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Buchanan v. Sirius XM Radio Inc.

United States District Court, N.D. Texas, Dallas Division

August 28, 2019

THOMAS BUCHANAN, Plaintiff,
v.
SIRIUS XM RADIO, INC., Defendant.

          MEMORANDUM OPINION AND ORDER

          SIDNEY A. FITZWATER, SENIOR JUDGE.

         In this class action involving alleged violations of the Telephone Consumer Protection Act (“TCPA”), 47 U.S.C. § 227, Patrick Maupin (“Maupin”) moves pro se to intervene as of right under Fed.R.Civ.P. 24(a)(2), or, alternatively, to intervene permissively under Rule 24(b)(1)(B). Plaintiff Thomas Buchanan (“Buchanan”) and defendant Sirius XM Radio, Inc. (“Sirius XM”), who have entered into a settlement that has received preliminary court approval, oppose the motion. For the reasons that follow, the court denies Maupin's motion to intervene.

         I

         In March 2017 Buchanan filed a class action complaint against Sirius XM, alleging that it had violated the TCPA by placing telemarketing calls to individuals who had registered either with the National Do Not Call (“DNC”) Registry or Sirius XM's internal DNC list. Sirius XM raised as a defense the “established business relationship” (“EBR”) exception to the TCPA. The EBR exception permits businesses to call members of the National DNC Registry with whom they have an existing business relationship.[1] In April 2019-before the merits of the EBR defense was litigated-the parties reached a settlement pending final court approval.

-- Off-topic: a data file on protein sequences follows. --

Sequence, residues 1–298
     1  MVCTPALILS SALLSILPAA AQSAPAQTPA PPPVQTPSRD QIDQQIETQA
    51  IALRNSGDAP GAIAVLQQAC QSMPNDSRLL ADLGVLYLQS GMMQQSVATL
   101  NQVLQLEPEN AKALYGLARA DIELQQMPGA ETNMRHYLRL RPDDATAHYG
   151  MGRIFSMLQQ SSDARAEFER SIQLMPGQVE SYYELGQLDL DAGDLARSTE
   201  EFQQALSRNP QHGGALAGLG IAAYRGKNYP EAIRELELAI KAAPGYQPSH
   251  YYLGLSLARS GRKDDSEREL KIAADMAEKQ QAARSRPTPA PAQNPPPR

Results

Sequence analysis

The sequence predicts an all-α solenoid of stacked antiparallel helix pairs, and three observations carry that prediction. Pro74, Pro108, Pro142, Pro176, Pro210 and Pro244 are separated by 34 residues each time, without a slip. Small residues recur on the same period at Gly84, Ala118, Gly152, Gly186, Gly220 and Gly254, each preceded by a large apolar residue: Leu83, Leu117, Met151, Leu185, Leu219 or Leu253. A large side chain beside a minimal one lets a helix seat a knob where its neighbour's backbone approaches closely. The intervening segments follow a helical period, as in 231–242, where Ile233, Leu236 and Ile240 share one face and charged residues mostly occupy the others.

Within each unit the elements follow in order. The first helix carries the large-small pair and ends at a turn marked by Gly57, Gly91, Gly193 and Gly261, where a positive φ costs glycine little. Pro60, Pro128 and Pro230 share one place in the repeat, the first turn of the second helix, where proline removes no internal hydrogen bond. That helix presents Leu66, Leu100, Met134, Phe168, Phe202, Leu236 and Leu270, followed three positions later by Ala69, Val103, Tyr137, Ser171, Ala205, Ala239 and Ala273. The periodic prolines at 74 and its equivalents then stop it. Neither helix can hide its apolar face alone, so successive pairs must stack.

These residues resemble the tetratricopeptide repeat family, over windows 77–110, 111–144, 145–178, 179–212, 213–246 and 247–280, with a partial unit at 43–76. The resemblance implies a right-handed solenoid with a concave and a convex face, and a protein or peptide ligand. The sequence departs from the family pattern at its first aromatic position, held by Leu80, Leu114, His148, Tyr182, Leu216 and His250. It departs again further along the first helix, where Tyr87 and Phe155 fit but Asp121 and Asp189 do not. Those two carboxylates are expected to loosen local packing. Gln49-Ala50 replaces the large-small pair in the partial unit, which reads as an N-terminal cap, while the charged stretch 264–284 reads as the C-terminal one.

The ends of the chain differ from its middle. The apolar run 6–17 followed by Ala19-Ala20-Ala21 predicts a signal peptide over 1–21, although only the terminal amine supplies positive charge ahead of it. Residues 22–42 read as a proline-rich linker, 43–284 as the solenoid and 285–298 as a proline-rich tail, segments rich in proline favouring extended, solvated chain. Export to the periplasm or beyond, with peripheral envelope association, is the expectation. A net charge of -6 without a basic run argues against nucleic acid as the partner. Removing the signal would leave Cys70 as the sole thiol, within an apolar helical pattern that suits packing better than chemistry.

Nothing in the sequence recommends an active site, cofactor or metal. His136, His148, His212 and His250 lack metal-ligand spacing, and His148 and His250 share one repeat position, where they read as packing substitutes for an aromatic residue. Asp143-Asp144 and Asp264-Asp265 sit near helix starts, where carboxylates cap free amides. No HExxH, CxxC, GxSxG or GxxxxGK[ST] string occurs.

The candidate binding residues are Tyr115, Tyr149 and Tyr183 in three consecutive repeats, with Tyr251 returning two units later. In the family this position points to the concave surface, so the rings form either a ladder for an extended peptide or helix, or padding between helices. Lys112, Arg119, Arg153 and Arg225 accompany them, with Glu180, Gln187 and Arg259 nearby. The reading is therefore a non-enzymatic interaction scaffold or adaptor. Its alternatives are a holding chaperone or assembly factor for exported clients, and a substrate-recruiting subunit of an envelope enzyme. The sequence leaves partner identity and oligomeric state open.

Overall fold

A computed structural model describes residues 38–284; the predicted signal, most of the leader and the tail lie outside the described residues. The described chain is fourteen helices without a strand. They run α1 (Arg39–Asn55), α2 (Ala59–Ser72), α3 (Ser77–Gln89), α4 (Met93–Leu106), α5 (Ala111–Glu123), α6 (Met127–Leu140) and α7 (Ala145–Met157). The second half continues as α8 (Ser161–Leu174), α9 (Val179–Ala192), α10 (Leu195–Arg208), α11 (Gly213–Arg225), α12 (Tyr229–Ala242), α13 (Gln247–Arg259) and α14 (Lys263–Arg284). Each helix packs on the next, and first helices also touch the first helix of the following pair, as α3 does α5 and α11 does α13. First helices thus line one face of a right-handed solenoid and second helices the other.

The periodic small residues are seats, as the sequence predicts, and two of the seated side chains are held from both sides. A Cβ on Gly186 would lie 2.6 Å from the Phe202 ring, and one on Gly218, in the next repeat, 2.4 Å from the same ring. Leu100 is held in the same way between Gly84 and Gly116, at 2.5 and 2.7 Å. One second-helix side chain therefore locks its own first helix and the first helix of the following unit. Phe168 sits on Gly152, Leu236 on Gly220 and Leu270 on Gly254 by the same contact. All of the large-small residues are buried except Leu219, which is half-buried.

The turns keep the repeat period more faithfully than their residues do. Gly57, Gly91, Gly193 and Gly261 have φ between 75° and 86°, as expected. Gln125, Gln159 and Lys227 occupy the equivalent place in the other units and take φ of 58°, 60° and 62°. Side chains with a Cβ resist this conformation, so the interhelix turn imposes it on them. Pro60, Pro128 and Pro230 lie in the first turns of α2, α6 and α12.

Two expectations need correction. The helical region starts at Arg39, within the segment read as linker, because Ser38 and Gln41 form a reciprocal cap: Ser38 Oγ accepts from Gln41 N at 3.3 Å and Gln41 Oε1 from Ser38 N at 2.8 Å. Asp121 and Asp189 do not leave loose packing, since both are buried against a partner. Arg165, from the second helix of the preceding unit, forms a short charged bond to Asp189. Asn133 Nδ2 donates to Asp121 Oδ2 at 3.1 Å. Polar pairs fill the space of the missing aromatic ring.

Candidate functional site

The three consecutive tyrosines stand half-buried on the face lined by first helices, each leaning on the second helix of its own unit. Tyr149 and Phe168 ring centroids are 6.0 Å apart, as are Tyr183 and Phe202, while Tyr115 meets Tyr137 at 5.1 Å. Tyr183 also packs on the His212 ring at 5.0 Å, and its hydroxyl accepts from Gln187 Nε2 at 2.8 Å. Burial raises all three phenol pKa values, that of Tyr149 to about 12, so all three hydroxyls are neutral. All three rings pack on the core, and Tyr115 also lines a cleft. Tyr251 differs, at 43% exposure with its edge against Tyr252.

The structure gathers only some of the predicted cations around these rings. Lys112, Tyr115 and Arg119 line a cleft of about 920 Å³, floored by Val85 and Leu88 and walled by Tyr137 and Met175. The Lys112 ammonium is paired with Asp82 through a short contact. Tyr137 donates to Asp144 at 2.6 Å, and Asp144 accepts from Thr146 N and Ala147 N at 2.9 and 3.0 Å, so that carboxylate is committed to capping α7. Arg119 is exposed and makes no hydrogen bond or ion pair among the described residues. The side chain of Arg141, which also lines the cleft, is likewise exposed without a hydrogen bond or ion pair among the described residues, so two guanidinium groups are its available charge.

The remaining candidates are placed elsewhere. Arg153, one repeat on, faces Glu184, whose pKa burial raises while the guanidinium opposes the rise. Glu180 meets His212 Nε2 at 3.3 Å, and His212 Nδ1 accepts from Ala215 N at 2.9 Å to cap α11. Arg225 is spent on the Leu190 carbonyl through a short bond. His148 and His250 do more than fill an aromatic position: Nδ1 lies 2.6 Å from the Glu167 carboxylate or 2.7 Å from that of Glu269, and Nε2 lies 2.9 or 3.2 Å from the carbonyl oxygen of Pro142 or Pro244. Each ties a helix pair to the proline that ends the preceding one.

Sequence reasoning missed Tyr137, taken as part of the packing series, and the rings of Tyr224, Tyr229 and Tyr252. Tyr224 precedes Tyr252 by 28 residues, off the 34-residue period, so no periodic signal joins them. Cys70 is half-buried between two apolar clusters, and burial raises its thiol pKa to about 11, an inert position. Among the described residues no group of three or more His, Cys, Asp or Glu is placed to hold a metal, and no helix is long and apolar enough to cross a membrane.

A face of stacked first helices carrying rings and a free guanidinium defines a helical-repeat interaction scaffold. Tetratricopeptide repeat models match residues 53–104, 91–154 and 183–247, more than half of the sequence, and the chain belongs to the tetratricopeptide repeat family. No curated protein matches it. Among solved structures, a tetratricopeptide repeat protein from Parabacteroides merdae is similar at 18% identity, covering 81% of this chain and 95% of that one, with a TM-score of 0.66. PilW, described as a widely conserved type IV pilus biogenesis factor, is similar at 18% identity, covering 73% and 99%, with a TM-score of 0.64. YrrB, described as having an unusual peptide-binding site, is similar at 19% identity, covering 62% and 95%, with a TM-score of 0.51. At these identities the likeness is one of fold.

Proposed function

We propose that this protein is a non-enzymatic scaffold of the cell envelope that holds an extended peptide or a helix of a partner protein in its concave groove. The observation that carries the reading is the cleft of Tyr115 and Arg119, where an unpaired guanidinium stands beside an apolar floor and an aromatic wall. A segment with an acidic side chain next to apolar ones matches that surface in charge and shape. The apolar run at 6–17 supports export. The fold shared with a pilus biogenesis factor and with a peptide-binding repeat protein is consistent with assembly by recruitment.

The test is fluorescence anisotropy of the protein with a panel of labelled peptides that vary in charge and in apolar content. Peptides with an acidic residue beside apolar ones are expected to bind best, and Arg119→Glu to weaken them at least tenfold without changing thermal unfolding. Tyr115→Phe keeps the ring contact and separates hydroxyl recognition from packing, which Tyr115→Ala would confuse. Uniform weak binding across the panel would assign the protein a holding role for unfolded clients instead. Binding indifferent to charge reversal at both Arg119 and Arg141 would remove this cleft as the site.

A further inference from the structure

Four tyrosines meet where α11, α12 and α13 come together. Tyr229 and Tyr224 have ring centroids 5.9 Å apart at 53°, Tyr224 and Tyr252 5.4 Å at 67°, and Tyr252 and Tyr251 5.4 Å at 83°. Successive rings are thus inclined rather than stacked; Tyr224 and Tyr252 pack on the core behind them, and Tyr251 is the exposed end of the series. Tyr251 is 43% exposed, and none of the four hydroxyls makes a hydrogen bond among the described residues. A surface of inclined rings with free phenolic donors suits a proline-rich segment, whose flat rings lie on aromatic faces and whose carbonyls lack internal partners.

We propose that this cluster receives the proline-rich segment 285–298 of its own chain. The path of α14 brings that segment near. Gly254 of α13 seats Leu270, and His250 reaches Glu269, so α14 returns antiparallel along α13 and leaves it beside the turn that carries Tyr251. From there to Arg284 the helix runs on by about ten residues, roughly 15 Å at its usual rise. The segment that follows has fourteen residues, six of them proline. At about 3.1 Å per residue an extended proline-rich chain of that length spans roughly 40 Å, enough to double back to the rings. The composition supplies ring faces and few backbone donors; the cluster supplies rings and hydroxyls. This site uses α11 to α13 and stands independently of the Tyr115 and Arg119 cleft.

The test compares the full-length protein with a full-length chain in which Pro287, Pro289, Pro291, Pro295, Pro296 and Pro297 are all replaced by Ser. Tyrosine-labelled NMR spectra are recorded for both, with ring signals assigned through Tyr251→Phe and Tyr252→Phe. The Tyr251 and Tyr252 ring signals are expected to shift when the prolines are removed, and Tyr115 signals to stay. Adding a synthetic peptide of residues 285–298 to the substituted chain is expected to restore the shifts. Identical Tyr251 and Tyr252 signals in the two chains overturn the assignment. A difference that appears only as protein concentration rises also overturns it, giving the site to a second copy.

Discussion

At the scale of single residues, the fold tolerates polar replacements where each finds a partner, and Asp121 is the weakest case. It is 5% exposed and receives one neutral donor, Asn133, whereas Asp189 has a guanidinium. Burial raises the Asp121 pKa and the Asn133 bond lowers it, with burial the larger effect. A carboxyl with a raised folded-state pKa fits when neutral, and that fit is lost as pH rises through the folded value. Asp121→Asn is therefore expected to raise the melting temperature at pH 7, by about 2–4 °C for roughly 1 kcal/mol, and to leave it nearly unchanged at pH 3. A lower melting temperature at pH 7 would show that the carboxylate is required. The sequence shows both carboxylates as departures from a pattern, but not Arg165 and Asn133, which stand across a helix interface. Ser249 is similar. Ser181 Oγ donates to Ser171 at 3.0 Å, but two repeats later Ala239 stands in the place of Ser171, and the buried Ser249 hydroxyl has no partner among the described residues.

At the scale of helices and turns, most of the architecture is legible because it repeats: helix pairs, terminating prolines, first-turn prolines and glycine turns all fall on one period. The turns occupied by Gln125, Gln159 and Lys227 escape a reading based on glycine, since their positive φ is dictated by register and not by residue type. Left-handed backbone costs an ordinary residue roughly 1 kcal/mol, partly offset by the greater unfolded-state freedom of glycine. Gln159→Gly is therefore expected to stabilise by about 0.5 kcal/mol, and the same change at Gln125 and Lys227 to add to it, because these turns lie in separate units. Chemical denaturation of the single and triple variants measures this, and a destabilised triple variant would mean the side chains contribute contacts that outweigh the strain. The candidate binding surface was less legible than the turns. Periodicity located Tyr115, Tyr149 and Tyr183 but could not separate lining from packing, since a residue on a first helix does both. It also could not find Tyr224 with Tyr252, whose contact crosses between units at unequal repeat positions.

On May 6, 2019 the court granted preliminary approval of the settlement and certified a settlement class. The settlement defines the class as members of the National DNC Registry or Sirius XM's internal DNC list who received more than one call from Sirius XM in a 12-month period between October 16, 2013 and April 26, 2019. If the settlement is given final approval, class members will be entitled to a pro rata distribution of a settlement fund of $25 million or three free months of Sirius XM subscription services. Sirius XM also agreed to alter some of its telemarketing practices, including providing notice to trial subscribers of how to opt out of further communications with the company. In his motion for preliminary settlement approval and class certification, Buchanan agreed that this change in business practices would bolster Sirius XM's EBR defense to a TCPA claim. But the settlement agreement does not explicitly require Sirius XM to refrain from contacting members of the National DNC Registry.